Mozilla Wants You to Fight Against Governments Taking Over the Internet

It's got a number of tools and resources put at your disposal

Mozilla doesn't necessarily make it a habit of supporting Google or Google's views, but the two companies are very closely linked on several planes. And their opinions on all matters related to the web mostly coincide. Case in point is the ITU's attempt at seizing control over the internet.

Granted, pretty much everyone is against this proposal, so the fact that Mozilla is criticizing it as well is no surprise.

The UN body that is supposed to govern telecommunications, wants to expand its reach beyond radio and phone lines.

Currently, the internet as a whole isn't governed by anyone, there are several bodies that manage aspects such as domain names and IPs, plus some for all the standards stuff, but not one group can make big decisions unilaterally.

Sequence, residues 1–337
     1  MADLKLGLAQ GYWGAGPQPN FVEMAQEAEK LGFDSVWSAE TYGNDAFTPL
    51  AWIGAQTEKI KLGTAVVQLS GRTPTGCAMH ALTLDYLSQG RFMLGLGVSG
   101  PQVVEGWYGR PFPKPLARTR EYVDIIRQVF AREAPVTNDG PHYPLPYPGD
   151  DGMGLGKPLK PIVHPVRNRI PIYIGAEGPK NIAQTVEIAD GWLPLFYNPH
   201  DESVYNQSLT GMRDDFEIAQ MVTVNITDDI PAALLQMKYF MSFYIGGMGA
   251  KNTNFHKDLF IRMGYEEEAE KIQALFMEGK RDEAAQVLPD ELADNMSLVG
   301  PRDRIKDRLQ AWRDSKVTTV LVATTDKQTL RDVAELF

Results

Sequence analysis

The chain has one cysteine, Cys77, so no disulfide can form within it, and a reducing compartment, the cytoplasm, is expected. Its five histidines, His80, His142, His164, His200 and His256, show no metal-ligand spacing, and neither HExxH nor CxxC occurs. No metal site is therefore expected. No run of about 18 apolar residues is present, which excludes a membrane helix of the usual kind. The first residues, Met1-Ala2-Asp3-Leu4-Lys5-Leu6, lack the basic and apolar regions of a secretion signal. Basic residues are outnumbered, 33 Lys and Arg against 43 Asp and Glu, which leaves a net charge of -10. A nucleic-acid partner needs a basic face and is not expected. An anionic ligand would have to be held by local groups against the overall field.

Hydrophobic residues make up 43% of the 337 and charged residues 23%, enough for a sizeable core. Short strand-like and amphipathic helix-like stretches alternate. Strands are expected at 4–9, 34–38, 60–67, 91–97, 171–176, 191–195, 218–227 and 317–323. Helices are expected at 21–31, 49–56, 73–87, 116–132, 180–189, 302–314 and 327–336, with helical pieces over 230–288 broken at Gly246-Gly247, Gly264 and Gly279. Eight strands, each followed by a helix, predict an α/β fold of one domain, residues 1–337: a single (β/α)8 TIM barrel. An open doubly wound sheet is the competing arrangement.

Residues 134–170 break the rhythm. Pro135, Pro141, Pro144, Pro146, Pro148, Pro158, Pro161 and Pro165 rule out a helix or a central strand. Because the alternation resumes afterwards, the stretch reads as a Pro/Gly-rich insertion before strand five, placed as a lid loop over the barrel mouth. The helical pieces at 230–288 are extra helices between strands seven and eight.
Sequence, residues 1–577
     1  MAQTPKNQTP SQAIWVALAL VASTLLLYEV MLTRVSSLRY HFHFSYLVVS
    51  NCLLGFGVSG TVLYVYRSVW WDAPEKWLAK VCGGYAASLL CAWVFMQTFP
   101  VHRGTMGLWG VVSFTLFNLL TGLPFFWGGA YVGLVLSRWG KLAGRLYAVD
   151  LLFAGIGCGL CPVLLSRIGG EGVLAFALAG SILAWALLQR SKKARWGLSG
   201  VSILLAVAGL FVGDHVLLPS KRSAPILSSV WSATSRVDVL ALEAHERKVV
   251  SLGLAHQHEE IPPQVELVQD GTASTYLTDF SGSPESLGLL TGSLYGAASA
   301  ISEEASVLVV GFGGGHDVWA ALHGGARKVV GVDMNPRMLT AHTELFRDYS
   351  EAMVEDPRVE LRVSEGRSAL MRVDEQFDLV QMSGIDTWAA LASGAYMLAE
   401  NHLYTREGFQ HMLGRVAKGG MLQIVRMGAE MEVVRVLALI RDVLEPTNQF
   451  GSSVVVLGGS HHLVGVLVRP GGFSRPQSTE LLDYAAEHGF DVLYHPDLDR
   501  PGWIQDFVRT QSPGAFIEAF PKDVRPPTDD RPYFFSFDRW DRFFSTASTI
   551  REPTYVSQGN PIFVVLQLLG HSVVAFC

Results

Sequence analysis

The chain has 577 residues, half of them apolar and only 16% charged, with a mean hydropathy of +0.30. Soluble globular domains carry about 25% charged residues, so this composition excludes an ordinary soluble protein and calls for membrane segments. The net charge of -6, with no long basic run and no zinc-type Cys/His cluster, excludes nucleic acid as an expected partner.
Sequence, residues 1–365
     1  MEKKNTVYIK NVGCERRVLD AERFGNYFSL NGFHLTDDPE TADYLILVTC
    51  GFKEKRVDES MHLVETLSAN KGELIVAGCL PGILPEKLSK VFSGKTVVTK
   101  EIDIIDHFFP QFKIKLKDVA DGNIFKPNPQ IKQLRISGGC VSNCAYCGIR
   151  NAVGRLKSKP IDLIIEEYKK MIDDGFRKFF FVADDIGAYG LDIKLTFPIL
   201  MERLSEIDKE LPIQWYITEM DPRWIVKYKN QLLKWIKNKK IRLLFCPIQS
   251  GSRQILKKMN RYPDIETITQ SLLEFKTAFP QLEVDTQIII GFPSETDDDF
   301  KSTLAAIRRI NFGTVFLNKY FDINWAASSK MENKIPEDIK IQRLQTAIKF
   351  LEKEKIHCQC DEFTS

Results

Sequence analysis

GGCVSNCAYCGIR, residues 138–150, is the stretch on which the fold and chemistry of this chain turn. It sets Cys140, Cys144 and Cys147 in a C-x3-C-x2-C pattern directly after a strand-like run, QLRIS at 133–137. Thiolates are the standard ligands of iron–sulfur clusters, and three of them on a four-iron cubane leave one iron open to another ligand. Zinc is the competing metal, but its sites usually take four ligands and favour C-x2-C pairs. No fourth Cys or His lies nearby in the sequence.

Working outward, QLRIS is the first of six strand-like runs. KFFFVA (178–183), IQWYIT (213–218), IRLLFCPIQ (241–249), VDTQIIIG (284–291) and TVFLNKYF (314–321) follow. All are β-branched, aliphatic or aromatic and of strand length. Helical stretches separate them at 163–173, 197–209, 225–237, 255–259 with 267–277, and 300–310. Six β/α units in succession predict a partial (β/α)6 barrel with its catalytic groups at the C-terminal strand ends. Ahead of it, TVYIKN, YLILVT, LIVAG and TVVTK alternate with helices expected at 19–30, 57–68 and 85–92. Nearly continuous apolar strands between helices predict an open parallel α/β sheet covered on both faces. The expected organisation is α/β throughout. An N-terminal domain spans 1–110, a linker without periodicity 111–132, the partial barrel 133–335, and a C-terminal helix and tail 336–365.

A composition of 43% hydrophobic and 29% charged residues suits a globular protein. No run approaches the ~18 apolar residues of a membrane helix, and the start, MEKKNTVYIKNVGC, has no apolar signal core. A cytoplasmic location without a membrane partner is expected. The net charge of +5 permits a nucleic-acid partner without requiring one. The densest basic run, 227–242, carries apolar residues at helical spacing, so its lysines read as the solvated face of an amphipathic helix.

Even if it could, it would have no way of enforcing that decision unless everyone involved agreed.

With the ITU in charge that would change, anything it would deem necessary, ISPs would have to implement. It's a simplified view, but that is the danger, in essence.

"The Internet has always been guided forwards by collaborative, open approaches. We believe that these approaches are one of the reasons why the Web has become and remained the wonderful, powerful and empowering place we know today. In the coming weeks, this successful model of governing and shaping the future of the Web will be at risk," Mozilla explained.

As such, Mozilla has come up with a number of tools and resources for those that want to get involved in the matter. The idea is to have people make it known that the ITU won't take over the internet through secret discussions while keeping everyone else in the dark.

"Whether the Internet is regulated by governmental treaties via the ITU and to what extent, is a vitally critical question. In fact it is so critical it can’t be done behind closed doors. The Internet as we know it today is just too fundamental to our lives to leave it to governments to decide its fate," Mozilla added.

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